Apart Projects, Michael Lindsay-Hogg, Time Alters All
Apart Projects presents Michael Lindsay-Hogg's inaugural solo exhibition, "Time Alters All: A Retrospective of an Emerging Artist" curated by Price Latimer Agah. The artist, along with Town & Country Magazine, will celebrate the opening of the exhibit with a reception hosted by Shane Guffogg, Julian Sands, Jason Schwartzman, Nona Summers, Tara Summers, and Gloria Vanderbilt. Located at 8618 Melrose Avenue, West Hollywood, Calif., the exhibition will be open to the public June 13th through June 22nd, Weds-Fri 11am to 4pm and Sat 12-5pm and by appointment.
Lindsay-Hogg's striking and enigmatic work teeters the line somewhere between naïve art, raw psychological expressionism and self-taught representational art ("representation" being a rather malleable notion in this case), all with an underlying sense of extremely dry humor. Portraying curious and mischievously resplendent characters-both real and imagined-in salacious and anecdotal arrangements, the work illustrates a fundamental tension, eroticism and innocence implicit in a world continually extant with human drama. "Michael Lindsay-Hogg's paintings are brilliant--quirky, strange, revealing, sometimes humorous--are always a surprise," says Gloria Vanderbilt.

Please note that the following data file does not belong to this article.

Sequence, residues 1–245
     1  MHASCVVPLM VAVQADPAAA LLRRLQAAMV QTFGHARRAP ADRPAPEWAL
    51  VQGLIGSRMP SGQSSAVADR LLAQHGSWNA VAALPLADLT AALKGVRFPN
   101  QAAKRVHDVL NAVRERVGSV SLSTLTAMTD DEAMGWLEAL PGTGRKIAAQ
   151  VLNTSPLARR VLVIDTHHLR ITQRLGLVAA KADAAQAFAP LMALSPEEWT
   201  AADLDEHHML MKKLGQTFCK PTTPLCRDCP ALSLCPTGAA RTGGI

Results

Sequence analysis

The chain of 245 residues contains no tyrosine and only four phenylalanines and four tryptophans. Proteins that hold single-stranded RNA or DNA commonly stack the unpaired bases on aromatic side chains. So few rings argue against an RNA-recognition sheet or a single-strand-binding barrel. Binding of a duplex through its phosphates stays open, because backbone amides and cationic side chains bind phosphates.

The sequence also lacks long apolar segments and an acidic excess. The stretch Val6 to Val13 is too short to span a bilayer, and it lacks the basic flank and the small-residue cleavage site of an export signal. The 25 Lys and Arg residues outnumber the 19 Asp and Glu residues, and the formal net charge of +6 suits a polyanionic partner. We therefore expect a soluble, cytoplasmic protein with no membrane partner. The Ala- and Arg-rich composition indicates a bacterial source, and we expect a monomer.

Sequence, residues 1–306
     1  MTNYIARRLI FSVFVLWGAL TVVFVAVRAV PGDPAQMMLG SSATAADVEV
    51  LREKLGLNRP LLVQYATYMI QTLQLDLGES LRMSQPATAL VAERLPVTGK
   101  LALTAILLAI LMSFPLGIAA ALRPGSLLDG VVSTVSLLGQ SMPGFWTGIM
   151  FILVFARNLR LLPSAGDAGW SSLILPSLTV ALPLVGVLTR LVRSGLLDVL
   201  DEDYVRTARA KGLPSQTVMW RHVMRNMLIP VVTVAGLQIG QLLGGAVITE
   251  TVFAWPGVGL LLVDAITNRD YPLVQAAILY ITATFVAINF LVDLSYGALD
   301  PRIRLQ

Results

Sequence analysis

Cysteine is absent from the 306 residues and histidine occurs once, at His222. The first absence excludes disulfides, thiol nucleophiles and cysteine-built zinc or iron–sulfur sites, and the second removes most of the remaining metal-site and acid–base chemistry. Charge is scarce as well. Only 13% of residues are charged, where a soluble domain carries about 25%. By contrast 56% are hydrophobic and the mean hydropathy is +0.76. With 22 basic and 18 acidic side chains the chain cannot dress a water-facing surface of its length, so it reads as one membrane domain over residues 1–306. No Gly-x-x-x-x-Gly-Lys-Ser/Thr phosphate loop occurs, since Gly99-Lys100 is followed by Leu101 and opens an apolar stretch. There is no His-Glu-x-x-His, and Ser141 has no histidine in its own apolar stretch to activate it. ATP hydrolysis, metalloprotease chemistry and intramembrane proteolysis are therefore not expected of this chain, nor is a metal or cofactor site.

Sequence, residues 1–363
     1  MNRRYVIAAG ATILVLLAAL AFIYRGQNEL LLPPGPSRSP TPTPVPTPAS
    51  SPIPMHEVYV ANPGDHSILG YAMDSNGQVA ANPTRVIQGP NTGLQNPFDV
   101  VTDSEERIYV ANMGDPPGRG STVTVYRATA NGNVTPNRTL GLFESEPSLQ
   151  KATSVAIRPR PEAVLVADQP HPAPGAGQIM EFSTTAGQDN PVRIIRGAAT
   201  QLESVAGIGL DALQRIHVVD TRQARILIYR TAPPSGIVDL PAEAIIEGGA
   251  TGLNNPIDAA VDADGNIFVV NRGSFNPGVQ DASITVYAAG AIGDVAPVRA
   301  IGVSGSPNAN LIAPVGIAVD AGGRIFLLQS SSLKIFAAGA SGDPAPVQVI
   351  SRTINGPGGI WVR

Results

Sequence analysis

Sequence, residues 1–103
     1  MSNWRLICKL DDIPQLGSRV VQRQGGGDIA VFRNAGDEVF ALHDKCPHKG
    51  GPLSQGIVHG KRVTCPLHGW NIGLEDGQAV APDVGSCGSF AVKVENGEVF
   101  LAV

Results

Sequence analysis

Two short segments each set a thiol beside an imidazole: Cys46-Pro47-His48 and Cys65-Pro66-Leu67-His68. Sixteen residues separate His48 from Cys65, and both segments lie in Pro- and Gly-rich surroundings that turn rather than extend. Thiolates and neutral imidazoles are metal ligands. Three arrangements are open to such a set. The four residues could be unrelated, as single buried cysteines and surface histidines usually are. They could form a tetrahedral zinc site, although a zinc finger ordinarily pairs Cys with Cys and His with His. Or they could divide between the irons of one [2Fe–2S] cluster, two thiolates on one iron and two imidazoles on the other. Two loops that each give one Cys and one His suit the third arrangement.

Channeling the spirits of Max Beckmann, Howard Finster (minus the biblical references), Paul Klee and Sienese Gothic artist Master of the Osservanza, Lindsay-Hogg's highly individual style utilizes a flat picture plane without much perspective and purposefully disharmonious, yet oddly beautiful, color combinations to depict the relationship of figures and elements in a scene to emphasize the multivocal narrative. Untrained and unconventional, Lindsay-Hogg employs a multitude of different media including painting, drawing, sculpture and assemblage made with oil, acrylic, charcoal, ink and pastel on canvas, board, cardboard, newsprint, postcards and found objects. Lindsay-Hogg relates his process to the French artist Jean Phillippe Arthur Dubuffet who once said his works were "created from solitude and from pure and authentic creative impulses-where the worries of competition, acclaim and social promotion do not interfere."